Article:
Another version of the legend claims that Kaldi shared these beans with a monk who at first disapproved of their use and threw them into the fire. Surprisingly, the result was a wonderful and pleasing aroma leading to the first roasted coffee of all times. Shortly after, the beans were grounded and boiled to produce a beverage which had to be pretty similar to what nowadays we know as coffee.
Whether the story of Kaldi is to be considered true or not, one thing is certain: coffee originally comes from "Ethiopia" . Another thing we are sure about is his next step, since coffee made its way towards North-East, overpassing the Red sea and reaching Yemen in the XV Century, docking at the port of Mokha. There an Islamic Scholar and Sufi mystic found out that boiling those seeds growing wild in the nearby hills in a pot of water would have turned it to a muddy brown shade. Every time he could taste this brew, his spirit lifted, awakening his senses and strengthening his concentration in worship, study and meditation through the night. Here the spread of the beverage among the Yemeni people, who started cultivating coffee in their mountain and valley terraces, shared it with pilgrims and traders who would have brought it throughout Asia and Europe.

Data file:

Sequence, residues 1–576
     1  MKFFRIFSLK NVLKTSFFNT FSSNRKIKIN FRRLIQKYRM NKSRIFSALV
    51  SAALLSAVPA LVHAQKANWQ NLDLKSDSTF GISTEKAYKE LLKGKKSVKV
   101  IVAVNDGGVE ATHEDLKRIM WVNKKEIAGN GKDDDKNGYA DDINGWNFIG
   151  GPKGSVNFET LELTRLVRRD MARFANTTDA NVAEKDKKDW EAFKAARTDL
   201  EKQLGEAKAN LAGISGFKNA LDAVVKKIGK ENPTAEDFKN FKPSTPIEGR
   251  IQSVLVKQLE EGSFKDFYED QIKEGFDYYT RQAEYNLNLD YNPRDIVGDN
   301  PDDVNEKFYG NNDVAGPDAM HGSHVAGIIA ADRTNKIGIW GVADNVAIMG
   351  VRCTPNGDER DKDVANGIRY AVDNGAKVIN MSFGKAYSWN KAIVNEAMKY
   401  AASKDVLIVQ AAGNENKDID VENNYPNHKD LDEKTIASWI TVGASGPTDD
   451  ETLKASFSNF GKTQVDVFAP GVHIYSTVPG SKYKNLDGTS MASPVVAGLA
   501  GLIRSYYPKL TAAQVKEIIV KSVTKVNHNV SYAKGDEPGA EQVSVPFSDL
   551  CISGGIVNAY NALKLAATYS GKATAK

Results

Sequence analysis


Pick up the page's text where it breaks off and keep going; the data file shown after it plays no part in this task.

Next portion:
Among the several coffee history facts, we decided to pick a few curious ones and present them in the following paragraph:
Coffee fostered the Age of Enlightenment and the Industrial Revolution – Before coffee was widely introduced into European civilization and culture during the 18th Century, the primary beverage of choice – for how strange it may seem – even for breakfast, was beer, since the water supply of that time was too polluted to drink. Therefore, people were often experiencing a constant state of inebriation. At the same time, the brand new "coffeehouses" became the place where men were used to meet to discuss the events of the day, to debate and even trade.